Diamonds in the Rough

This Week: Ethiopian Food


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Since our first day at UC Berkeley, we've tried to enlighten our taste buds with Berkeley's many culinary delights. We've ordered sushi at 3 in the morning, inhaled Korean BBQ into our gullets and engulfed gyros whole in our quest to sample from the cornucopia of ethnic cooking that Berkeley has to offer. But there is one culinary enclave that has mesmerized us from day one but whose food had never seemed to find its way to our pie-holes: Ethiopian food, the mystery cuisine that came with drive-by allure and avid recommendations from more experienced gastro-philes.

We arrived at Finfine a little apprehensive, especially considering we couldn't pronounce most of the items on the menu. However, the tantalizingly titled dish Beg Tibs immediately caught our attention and provided fodder for lame boob jokes the rest of the night. After receiving a short explanation of the dishes and Ethiopian dining etiquette (right hand only-originally for sanitation reasons), we ordered. Our reaction to the single gargantuan plate of spicy beef, lamb, fish and chicken presented to us a few minutes later went as follows:

Derek: Wow, those Tibs really are Beg. Or wait, maybe those are the Beg Tibs. OK, I have no idea

Nick: I don't know if we should eat it, it looks too much like a work of art. Fuck it, let's dig in. I guess we should wait for plates though.

D: I think you're supposed to use this bread and just grab the food with it.

N: It feels like a sponge, only thin. It's pretty stretchy. Now that I think about it, I don't know how I feel about this bread. But really, where are the plates?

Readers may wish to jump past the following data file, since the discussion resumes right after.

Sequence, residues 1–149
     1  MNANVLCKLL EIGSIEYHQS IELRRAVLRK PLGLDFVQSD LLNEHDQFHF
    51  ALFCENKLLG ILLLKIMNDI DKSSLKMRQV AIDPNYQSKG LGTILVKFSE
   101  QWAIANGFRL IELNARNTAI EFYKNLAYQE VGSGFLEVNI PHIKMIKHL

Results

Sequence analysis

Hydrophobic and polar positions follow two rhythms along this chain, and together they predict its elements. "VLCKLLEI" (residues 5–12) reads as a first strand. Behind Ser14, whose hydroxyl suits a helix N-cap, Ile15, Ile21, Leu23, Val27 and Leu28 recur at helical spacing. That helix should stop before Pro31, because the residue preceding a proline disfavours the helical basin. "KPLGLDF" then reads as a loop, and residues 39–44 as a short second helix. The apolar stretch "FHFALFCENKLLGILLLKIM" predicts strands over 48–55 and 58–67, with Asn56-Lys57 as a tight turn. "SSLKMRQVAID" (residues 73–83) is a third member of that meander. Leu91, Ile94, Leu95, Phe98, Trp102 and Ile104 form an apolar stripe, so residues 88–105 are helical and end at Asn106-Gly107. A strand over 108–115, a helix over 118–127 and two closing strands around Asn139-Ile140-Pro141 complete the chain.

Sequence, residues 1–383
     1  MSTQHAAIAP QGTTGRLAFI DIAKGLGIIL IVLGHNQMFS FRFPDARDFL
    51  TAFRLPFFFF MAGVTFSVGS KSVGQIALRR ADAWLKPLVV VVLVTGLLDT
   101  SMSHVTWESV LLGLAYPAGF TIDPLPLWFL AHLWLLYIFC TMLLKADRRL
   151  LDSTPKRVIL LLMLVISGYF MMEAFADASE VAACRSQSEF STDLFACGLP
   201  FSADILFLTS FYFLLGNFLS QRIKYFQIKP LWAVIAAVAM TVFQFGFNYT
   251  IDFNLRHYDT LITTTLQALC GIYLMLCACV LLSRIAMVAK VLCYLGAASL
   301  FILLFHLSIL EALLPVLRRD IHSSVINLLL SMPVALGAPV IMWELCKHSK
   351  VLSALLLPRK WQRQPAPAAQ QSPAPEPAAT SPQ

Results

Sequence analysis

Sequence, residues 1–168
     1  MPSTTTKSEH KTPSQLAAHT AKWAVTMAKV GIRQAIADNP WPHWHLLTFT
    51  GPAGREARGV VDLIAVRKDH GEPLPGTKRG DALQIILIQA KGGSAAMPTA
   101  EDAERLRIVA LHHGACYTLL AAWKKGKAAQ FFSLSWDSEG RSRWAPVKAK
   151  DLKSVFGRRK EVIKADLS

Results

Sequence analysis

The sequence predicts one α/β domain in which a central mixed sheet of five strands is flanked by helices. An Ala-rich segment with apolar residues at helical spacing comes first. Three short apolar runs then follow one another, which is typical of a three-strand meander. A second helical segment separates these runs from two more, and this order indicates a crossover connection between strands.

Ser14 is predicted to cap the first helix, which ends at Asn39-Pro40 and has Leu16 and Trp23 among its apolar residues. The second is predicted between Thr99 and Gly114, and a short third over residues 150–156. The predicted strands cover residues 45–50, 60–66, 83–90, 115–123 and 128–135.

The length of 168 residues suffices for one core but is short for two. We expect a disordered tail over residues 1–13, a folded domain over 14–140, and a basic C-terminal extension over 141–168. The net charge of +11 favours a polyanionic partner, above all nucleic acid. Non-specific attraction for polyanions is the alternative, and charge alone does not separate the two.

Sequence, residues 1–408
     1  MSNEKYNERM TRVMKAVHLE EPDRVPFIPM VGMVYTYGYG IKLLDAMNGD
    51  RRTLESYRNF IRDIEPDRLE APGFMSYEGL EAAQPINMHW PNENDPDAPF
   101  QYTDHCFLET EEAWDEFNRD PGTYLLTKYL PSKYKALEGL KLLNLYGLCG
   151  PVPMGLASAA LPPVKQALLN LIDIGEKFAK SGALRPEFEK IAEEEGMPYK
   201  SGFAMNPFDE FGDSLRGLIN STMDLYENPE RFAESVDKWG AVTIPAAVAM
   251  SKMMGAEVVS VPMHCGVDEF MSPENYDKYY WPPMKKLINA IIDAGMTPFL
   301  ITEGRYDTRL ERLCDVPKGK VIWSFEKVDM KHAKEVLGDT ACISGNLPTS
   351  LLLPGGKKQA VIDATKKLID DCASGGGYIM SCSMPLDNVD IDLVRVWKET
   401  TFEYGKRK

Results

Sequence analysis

Needless to say, the plates never came. But we found the unconventional eating style about as fun as it was delicious, especially for a group. The fare was good and not too shocking to a palate well versed in the delights of House of Curries. Similar to Indian food but spicier and with an emphasis on beef, Ethiopian cuisine is hearty and enjoyably messy. Injera is the flat, spongy bread served with, and actually under, the meat and vegetable dishes. We enjoyed all of it, despite the ballooning effect it had on our suffering stomachs.

N: I'm hella full, can you finish this?

D: Sure. This reminds me of 6th grade, when I would finish girls' lunches for them to get them to like me. I'll just swallow the pain along with this burrito I'm making with the meat and spongy-bread at the bottom of the plate.

N: Yeah, that's a good idea. For some reason I'd feel especially terrible wasting Ethiopian food.

D: Me too. Can you help me with this?

N: Damn, you know it's not a burrito when it takes two people to roll it. (rolling ensues) Good God, Derek, can you eat that? Oh no, it's going to

The collapse of our uber-burrito did not tarnish our night. In fact, it provided us with a memory we'll alaways cherish or look back on with horror and shame, more likely. Either way, it seems that memories like these-enhanced by the scrumptious plates-are common occurrences at Finfine, ensuring that Ethiopian cuisine's only a diamond in the rough until your first try.


Build the perfect leftovers burrito with Nick and Derek at [email protected]

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